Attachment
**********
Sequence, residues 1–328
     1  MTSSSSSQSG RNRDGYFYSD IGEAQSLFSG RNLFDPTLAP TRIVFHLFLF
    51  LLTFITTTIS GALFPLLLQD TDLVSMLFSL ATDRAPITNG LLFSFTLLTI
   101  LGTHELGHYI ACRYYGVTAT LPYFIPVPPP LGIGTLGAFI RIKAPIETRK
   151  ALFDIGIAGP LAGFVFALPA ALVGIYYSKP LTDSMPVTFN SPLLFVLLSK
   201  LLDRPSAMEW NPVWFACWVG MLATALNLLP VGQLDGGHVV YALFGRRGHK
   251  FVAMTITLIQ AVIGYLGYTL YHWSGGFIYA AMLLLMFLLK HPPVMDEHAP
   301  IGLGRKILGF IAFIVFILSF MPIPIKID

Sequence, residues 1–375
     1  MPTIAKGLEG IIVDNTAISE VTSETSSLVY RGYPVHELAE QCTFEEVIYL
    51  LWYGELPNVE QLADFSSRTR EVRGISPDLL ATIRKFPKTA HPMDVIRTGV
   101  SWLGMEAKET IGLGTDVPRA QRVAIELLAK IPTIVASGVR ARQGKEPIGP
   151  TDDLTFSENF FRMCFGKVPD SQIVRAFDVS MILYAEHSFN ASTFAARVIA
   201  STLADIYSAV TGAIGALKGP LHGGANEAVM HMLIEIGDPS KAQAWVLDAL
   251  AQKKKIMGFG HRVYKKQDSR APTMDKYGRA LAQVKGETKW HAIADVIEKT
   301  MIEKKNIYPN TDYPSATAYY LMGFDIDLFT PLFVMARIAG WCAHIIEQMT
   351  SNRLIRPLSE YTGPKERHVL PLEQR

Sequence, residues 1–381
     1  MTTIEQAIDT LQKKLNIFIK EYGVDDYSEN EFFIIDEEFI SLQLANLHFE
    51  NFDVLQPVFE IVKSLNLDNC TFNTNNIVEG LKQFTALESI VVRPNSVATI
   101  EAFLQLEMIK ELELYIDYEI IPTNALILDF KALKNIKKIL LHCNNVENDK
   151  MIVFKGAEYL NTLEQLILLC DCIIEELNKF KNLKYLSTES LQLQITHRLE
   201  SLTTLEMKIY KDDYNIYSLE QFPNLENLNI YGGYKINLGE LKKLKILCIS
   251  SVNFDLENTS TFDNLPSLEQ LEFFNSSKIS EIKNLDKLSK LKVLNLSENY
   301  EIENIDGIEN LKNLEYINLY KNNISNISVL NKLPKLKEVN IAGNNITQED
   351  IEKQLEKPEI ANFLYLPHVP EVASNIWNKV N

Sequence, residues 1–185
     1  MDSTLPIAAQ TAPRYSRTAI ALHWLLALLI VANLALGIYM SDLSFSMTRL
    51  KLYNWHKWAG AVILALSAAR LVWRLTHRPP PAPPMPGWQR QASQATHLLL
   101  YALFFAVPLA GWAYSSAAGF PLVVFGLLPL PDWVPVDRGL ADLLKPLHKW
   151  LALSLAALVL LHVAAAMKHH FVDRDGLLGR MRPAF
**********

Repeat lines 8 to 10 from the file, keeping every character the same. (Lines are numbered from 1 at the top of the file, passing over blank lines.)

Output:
   301  IGLGRKILGF IAFIVFILSF MPIPIKID

Sequence, residues 1–375
     1  MPTIAKGLEG IIVDNTAISE VTSETSSLVY RGYPVHELAE QCTFEEVIYL